A plethora of previously unknown chlamydia-related bacterial strains have been discovered in the unlikeliest places: under the Arctic seafloor sediments. The discovery raises new questions about this complex and persistent bacteria community and how it came to infect humans and other species.
Chlamydia is the most recorded STD in the United States and is caused by an infection of the bacterium Chlamydia trachomatis. Chlamydia has formed the largest proportion of all recorded STDs to the U.S. since 1994. Disease Awareness and Prevention Centers.
This bacterium and its associated relatives, known collectively as Chlamydiae, can also infect other species, allowing them to survive and reproduce. Scientists call them “compulsory intracellular parasites,” meaning they can replicate only inside a host cell. Besides humans and other animals (such as koalas), Chlamydiae feed on more complex micro-organisms than themselves, including aquatic eukaryotes such as amoeba, algae, and plankton.
Chlamydiae are known to occupy a wide variety of environments but, as new research published in Current Biology reveals, their ecological range is much more diverse than we ever thought. The new paper, led by microbiologist Thijs Ettema from Wageningen University & Research in The Netherlands, reveals that the high-pressure, low-oxygen sediments under the Arctic seafloor have a diverse population of chlamydiae.
“It was completely unexpected to discover chlamydiae in this area and of course asked the question, what were they doing on Earth there?”In a press release Jennah Dharamshi, a scholar at the Swedish University of Uppsala and the first author of the new study questioned.
The Chlamydiae’s unique position contributes to this bacterial group’s resilience and versatility, while also providing new insights into its evolution and how it came to infect macro-organisms such as humans. That said, the researchers were unable to recognize any hosts inside the marine sediment, nor were they able to grow any of the newly discovered Chlamydiae in their laboratory (it’s not easy to replicate the low-oxygen high-pressure environment in which they were found). Also it is not immediately clear how this bacteria made its way into our bodies from the deep ocean, if that is indeed the direction taken. In addition, the new paper appears to raise more questions than it answers, presenting some exciting new methods of discovering and conducting scientific research.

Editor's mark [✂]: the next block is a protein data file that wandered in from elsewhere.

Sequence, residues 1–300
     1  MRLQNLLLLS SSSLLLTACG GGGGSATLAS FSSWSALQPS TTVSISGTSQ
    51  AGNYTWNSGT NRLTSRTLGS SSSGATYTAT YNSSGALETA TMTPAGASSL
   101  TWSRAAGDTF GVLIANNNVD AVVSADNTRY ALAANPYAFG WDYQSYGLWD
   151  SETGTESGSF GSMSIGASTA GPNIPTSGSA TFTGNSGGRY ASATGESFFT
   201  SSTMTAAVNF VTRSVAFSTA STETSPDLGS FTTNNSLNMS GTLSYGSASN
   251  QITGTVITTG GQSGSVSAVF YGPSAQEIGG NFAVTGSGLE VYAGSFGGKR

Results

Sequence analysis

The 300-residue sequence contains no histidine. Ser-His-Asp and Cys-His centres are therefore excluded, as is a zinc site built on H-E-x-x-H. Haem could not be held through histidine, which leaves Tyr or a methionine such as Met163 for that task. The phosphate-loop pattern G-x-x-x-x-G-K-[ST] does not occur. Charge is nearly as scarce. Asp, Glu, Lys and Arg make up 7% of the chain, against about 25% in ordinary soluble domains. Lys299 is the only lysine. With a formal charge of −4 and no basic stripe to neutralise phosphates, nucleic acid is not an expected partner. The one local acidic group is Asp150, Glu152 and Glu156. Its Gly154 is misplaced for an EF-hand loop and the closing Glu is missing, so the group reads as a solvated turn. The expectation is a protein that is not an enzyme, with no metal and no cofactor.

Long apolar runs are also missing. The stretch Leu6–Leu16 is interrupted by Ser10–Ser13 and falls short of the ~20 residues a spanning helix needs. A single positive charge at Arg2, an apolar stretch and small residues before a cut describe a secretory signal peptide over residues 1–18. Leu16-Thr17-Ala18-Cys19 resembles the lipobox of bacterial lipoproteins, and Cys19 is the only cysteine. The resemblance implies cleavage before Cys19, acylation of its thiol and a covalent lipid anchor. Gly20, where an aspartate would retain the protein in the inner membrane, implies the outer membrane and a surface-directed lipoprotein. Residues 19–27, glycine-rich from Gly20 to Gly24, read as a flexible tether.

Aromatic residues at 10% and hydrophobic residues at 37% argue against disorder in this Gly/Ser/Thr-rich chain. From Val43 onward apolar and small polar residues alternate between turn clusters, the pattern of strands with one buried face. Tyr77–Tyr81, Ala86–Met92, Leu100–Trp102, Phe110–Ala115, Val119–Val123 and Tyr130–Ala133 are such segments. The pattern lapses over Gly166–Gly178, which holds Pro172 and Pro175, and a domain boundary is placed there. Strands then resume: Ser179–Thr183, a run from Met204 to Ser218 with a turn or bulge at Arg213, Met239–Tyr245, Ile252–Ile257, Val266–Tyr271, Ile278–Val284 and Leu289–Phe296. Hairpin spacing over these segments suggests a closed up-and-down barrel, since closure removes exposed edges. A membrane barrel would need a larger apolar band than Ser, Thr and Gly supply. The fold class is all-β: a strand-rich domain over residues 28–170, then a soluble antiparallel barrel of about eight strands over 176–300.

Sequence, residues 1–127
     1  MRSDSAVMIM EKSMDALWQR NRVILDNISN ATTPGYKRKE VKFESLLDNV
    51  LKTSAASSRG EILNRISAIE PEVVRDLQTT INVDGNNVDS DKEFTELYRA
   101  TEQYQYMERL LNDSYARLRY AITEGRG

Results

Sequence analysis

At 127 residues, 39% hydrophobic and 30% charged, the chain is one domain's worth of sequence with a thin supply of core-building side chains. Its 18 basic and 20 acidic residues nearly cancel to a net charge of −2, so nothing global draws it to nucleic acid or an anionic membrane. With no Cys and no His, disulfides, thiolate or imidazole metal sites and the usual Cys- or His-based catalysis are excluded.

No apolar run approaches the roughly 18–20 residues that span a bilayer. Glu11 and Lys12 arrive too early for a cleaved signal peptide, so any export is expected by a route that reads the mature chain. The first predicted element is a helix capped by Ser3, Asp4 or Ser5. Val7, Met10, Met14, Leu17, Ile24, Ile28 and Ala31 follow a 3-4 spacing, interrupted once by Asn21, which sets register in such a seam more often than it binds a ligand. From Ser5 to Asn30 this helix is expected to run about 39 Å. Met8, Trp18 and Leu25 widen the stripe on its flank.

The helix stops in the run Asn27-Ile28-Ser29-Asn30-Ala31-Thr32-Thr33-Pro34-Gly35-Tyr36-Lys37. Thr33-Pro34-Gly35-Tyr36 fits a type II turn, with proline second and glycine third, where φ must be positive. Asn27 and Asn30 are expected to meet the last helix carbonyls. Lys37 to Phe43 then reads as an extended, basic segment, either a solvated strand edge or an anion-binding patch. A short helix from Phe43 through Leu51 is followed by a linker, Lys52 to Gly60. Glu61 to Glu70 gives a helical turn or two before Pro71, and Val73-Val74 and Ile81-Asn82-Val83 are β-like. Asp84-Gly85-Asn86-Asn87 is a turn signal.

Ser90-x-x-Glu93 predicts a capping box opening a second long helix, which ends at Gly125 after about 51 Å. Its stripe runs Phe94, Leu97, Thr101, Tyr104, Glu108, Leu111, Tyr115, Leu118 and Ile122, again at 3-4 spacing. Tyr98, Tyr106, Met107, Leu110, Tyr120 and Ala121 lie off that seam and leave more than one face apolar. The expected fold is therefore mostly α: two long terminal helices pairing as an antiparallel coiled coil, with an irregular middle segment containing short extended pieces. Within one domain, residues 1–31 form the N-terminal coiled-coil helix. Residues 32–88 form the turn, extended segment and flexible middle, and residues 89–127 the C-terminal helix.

“Chlamydiae have undoubtedly been overlooked in several past microbial diversity surveys,” said Daniel Tamari, a report co-author and a researcher at the University of Wageningen & Research, in the press release. “This community of bacteria may play a much greater role in marine ecology than we previously thought.” According to the new paper, the previously identified Chlamydiae lineages were found to “dominate microbial communities” in deep, oxygen-deprived (anoxic) marine sediments. Such sediments were at Loki’s Fortress, a series of hydrothermal deep-sea vents situated between Norway and Greenland. The bacteria were present in sample cores clustered several miles below seafloor— an area reserved for micro-organisms (as opposed to larger animals, such as brittle stars or clams).
Sample analysis showed that Chlamydiae amounted to over 43 per cent of all bacteria found in the sediment. It probably means these microorganisms have a significant impact on the local ecosystem of this oxygen-starved climate, at such large quantities. In all, the researchers were able to classify 163 distinct Chlamydiae species, one of which was determined to be a close relative to Chlamydia trachomatis, the bacterium that is responsible for human STD.
“Finding that Chlamydia has marine sediment relatives, has given us new insights into the nature of chlamydial pathogens,” Dharamshi said.
As noted, the researchers were not in a position to identify any eukaryotic hosts in the samples, so they are not sure the species they rely on. That being said, a preliminary genetic analysis of the samples indicates that they have the requisite physiological characteristics of obligatory intracellular parasites. Hence the hosts must exist— they just need to be identified.
“We discover groups of microbes which are new to science each time we visit a different environment. It shows us how much needs to be learned,’ Ettema said.